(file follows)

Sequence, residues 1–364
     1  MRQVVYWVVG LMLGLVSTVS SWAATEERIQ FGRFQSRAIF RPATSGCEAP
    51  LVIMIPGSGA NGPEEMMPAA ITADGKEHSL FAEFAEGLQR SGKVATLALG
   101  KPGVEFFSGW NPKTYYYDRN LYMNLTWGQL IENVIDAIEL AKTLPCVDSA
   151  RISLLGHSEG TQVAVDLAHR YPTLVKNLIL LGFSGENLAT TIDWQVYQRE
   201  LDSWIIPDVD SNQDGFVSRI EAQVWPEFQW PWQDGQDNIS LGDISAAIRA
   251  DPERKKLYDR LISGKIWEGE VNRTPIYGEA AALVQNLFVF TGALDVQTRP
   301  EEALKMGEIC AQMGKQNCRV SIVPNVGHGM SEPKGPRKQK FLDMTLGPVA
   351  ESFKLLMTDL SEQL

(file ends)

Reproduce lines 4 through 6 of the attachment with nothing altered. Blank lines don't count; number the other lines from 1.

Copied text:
   101  KPGVEFFSGW NPKTYYYDRN LYMNLTWGQL IENVIDAIEL AKTLPCVDSA
   151  RISLLGHSEG TQVAVDLAHR YPTLVKNLIL LGFSGENLAT TIDWQVYQRE
   201  LDSWIIPDVD SNQDGFVSRI EAQVWPEFQW PWQDGQDNIS LGDISAAIRA